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    Re: HO 211 and Calculator Almanacs
    From: George Huxtable
    Date: 1999 Sep 08, 1:41 PM

    Gordon Talge provides much interesting information about calculating your
    own almanac.
    
    As one who has been there and done it, I have some comments to make.
    
    In my opinion, it's much more satisfying, and quite feasible, to be able to
    calculate your own accurate "everlasting" almanac for all the navigational
    bodies, rather than to be dependent on others to provide new coefficients
    to be entered in at regular intervals. By "everlasting", I mean no more
    than within my lifetime and that of other readers of this mailing list;
    eventually, the accuracy of any predictions will degrade. By navigational
    bodies, I mean Sun, Moon, Venus, Mars, Jupiter, Saturn, and the 60 (or so)
    named stars to be found in a nautical almanac. By "accurate", I mean
    keeping error within the order of 0.1 minutes of arc or so, smaller than
    the errors in the observational procedure. Over a many-year period, this
    implies taking into account precession, nutation, and also the
    proper-motions of some nearer stars.
    
    Almost all the necessary information has been collected together by Jean
    Meeus, and published by Willman-Bell. Gordon mentions Meeus' "Astronomical
    Algorithms", a work which has been out of print for a while, but which has
    reappeared as a 1988 edition. I do recommend this book for anyone
    interested in astronomical predictions, who has a mathematical bent. It's a
    considerably expanded version of his earlier "Astronomical Formulae for
    Calculators". I used the information in that paperback (second ed., 1982)
    to make my own almanac program. Meeus has provided a real service in
    putting all that information together.
    
    Until recently. when big NASA computers came into action, almanac data was
    compiled from analyses of planetary motion made nearly a century ago by
    Simon Newcomb, an unsung American astronomer. Even now, the parameters he
    worked out then remain valid today for calculating almanacs to
    marine-navigation accuracy. What is so staggering is that all this work was
    done with only human computing-power. An inspiring achievement, indeed.
    Meeus' "Astronomical Formulae for Calculators" was based on Newcomb's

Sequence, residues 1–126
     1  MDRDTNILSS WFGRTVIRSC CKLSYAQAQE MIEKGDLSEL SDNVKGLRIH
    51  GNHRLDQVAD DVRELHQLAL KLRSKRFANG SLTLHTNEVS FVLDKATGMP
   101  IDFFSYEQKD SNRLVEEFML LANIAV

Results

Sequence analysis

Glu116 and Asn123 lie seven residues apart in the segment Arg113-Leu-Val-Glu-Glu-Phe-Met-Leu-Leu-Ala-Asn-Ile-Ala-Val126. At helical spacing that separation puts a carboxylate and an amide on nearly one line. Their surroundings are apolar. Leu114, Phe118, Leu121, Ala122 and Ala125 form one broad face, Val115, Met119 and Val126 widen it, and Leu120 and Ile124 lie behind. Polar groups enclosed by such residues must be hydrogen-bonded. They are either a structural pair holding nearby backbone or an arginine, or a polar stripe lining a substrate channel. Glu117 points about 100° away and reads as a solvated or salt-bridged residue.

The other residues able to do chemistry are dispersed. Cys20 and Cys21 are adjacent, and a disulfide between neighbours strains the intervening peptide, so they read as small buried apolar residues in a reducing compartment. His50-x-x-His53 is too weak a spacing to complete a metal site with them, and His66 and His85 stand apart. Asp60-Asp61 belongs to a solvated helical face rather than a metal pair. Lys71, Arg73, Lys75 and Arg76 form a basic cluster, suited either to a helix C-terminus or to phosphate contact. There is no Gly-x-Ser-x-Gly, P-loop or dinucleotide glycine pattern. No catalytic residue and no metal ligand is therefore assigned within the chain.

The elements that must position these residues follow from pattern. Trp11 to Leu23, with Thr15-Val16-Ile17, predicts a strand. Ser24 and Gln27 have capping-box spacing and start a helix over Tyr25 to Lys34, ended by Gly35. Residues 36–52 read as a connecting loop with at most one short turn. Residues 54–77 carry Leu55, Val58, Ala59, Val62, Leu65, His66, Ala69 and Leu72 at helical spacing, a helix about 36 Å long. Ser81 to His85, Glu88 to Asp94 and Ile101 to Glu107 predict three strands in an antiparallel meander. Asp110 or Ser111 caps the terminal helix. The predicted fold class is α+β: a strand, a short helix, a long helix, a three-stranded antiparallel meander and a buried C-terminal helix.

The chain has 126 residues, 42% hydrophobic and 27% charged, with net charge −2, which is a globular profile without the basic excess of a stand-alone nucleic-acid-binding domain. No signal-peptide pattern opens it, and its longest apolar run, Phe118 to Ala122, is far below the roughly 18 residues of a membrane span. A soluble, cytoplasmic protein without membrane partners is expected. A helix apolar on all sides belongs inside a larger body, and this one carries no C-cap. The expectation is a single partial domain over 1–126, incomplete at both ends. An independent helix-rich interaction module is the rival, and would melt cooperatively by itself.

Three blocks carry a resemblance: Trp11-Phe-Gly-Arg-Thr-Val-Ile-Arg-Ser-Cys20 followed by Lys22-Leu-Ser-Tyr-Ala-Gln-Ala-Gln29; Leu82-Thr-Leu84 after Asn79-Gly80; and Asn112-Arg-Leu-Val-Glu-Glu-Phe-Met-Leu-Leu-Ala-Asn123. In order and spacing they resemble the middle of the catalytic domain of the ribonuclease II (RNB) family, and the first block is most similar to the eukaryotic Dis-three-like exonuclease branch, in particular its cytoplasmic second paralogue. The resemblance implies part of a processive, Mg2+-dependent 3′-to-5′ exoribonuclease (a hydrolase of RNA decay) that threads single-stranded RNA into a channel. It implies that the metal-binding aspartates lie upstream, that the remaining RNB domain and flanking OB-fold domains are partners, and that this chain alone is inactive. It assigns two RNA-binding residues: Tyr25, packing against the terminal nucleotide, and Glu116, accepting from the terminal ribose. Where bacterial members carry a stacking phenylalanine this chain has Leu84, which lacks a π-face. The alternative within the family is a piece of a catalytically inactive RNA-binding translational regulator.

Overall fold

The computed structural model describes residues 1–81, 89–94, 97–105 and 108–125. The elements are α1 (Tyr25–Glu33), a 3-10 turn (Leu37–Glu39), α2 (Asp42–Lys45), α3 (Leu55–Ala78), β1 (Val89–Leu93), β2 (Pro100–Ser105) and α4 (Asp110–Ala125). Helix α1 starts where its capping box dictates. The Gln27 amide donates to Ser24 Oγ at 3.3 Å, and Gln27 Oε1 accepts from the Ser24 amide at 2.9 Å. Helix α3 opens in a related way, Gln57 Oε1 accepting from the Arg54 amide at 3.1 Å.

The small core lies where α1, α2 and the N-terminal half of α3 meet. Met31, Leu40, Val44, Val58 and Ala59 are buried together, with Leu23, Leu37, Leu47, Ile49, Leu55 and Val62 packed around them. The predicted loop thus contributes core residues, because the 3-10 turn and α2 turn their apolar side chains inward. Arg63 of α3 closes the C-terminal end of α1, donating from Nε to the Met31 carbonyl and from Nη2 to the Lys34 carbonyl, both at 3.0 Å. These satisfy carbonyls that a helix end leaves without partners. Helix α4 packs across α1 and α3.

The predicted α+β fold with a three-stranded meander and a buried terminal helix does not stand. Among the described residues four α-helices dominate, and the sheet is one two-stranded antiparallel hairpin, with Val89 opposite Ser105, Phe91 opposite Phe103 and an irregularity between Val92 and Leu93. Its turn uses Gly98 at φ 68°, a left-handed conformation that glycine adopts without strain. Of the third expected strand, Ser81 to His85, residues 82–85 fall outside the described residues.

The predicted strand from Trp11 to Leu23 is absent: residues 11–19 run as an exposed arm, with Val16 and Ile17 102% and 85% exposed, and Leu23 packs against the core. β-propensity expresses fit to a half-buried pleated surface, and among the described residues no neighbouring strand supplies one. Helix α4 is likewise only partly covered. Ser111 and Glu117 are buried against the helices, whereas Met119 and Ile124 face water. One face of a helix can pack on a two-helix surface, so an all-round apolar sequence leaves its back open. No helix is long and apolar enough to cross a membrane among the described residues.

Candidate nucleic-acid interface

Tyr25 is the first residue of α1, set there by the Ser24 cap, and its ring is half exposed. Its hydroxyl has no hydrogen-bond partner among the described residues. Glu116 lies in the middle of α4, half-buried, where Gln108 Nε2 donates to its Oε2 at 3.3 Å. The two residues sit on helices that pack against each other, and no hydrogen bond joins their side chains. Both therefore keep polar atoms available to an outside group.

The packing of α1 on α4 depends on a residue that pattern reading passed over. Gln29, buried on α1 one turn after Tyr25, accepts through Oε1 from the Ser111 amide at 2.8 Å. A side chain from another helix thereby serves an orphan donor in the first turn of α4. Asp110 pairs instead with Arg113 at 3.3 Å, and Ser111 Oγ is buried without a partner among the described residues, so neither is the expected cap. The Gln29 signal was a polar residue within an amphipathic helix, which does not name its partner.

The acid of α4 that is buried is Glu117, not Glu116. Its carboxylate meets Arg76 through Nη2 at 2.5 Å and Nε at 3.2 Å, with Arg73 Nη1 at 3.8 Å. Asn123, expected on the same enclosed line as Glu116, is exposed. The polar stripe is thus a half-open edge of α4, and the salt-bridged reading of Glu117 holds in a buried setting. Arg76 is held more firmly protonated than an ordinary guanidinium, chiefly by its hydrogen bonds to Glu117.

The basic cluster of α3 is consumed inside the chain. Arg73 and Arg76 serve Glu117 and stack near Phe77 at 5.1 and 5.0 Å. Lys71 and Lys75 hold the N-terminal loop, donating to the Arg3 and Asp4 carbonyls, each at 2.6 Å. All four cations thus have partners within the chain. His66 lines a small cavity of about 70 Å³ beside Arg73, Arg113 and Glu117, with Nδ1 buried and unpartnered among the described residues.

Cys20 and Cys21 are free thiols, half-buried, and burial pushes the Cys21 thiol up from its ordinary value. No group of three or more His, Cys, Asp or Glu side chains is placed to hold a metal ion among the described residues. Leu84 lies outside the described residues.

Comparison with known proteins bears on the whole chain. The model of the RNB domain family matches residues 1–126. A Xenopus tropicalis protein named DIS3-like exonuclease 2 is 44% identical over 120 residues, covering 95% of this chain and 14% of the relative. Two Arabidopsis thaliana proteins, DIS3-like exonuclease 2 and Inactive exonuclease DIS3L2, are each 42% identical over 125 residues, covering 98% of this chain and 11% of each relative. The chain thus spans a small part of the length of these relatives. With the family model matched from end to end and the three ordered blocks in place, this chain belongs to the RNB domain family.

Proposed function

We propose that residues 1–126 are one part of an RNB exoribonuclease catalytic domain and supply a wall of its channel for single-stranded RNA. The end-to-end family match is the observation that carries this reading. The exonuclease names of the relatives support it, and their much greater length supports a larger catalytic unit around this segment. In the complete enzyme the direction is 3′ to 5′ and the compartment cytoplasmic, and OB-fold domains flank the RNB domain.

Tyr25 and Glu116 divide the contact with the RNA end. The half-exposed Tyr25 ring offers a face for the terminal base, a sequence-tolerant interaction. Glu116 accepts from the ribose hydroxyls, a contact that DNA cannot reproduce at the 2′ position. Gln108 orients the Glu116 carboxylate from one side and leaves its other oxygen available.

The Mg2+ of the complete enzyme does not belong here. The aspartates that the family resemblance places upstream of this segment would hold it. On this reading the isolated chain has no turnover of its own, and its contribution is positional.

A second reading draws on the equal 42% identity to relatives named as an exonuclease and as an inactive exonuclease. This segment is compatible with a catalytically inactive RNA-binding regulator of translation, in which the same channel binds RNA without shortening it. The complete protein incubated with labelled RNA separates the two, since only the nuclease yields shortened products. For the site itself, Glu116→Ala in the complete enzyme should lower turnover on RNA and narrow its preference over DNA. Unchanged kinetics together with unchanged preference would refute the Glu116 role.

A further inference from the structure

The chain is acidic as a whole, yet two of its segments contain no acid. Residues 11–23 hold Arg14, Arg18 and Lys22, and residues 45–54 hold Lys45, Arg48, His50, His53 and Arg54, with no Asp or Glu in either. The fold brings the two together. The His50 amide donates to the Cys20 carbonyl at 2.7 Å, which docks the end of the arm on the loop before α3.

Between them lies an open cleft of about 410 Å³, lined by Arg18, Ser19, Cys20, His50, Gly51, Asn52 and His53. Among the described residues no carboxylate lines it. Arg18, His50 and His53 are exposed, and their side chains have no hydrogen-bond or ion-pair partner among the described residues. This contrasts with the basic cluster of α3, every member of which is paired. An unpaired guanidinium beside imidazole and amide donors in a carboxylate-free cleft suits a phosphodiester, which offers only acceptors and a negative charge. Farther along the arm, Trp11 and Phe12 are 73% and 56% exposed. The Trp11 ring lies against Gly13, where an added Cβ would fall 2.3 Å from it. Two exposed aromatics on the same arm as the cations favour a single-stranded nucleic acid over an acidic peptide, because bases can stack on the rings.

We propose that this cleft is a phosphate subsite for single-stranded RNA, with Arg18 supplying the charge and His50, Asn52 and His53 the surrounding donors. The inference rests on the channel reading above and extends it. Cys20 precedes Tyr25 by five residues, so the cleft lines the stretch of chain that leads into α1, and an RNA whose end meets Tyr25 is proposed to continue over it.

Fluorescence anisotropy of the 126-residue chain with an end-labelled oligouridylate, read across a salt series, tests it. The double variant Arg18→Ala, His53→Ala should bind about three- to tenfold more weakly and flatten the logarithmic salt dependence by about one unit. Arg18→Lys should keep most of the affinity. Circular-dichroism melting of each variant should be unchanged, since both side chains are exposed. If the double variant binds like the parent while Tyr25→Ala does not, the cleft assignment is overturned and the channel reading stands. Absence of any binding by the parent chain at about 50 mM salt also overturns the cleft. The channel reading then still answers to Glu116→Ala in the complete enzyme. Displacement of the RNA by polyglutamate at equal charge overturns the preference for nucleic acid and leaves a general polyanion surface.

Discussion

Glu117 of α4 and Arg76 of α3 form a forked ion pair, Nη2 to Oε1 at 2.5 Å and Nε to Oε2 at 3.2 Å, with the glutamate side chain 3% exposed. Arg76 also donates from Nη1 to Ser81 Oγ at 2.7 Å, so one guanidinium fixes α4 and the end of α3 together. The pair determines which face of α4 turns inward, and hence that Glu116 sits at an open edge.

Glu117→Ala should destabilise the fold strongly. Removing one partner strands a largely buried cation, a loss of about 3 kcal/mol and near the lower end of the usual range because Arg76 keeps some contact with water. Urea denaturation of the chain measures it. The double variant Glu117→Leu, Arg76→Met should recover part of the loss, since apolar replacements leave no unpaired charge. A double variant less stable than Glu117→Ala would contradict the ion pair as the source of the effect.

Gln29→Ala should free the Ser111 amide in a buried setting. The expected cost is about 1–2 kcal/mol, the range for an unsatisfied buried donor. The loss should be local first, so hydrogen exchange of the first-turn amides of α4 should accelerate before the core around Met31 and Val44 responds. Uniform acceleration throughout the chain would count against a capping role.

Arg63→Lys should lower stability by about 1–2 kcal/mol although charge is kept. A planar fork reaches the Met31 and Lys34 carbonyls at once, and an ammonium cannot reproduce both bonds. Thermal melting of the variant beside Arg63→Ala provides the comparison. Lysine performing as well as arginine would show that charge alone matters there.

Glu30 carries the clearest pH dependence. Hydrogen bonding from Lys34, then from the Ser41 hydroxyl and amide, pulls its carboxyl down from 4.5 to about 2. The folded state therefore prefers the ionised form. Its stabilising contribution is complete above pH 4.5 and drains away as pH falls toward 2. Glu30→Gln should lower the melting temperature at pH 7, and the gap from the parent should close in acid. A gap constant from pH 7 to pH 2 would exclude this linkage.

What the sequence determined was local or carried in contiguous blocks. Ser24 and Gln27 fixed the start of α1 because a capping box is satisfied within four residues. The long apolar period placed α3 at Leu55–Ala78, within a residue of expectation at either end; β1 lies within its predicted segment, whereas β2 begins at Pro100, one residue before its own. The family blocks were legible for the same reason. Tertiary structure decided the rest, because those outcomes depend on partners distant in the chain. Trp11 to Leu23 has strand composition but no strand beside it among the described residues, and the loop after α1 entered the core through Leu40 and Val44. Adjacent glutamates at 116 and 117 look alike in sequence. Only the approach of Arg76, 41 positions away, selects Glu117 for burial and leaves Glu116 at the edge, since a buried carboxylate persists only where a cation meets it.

analysis (and on Brown's theory of the Moon's motion). His newer book
    includes the recent computer predictions and gives many more terms for the
    expansions, but all this extra precision is, in general, irrelevant for the
    needs of us navigators.
    
    The problem with predicting the future position of any body in the solar
    system is that they are all acted on, not just by the gravity of the Sun,
    but also by an attraction to every other body in the system, and as all
    these bodies are constantly moving, there are continually-changing
    perturbations to all the orbits. Sometimes there can be hundreds of such
    terms which have to be calculated. It all depends on the accuracy required.
    
    
    My navigation program, in its basic form, takes a sextant observation of a
    body, corrects for refraction and dip, works out the altitude and azimuth
    of the body from the built-in almanac, allows where necessary for
    semidiameter and parallax, and provides a position line in terms of the
    amount and direction of offset from an assumed position. The user has to to
    the rest. The name of the body, date and time, assumed lat. and long., and
    the altitude by sextant, are required. Height of eye is preset.
    
    The program to do this runs on a Casio fx-730p or a fx-795p programmable
    pocket calculator, now alas no longer available. The language is a crude
    and idiosyncratic version of Basic. The program occupies all but 1 kilobyte
    of the maximum-available expanded memory, which is nearly 16 kilobytes.
    Much of this is taken up by the many coefficients of the terms used in the
    astro calculations. It's all desperately slow, though, taking nearly 5
    minutes to compute an observation involving the Moon, Saturn, or Jupiter
    (because they require so many perturbation terms). The Casio calculator
    does all its internal calculations with the numbers in decimal form, one
    digit at a time, which partly explains the slowness. Theres no conversion
    to binary form, as in a modern computer.
    
    Gordon refers to calculating solutions for the position of a planet as
    involving Cartesian (X,Y,Z) coordinates for positions in space, but that
    isn't necessary; everything can be done in terms of the orbit paramaters of
    the Earth and the planet with respect to the ecliptic (semidiameter,
    eccentricity, inclination, etc), calculating perturbations to obtain
    ecliptic latitudes and longitudes, then converting to get dec and RA. Many
    of us simpler souls would find this more meaningful. Meeus explains all
    this. Converting to Cartesian, though just as precise and mathematically
    meaningful, seems to be taking a step away from understandable reality.
    That's a personal view, anyway. However it's done, you will sometimes find
    that visualising all those angles in 3 dimensions will make your head hurt.
    
    
            George Huxtable.
    
    ------------------------------
    george@huxtable.u-net.com
    George Huxtable, 1 Sandy Lane, Southmoor, Abingdon, Oxon OX13 5HX, UK.
    Tel, or fax, to 01865 820222 or (int.) +44 1865 820222.
    ------------------------------
    

       
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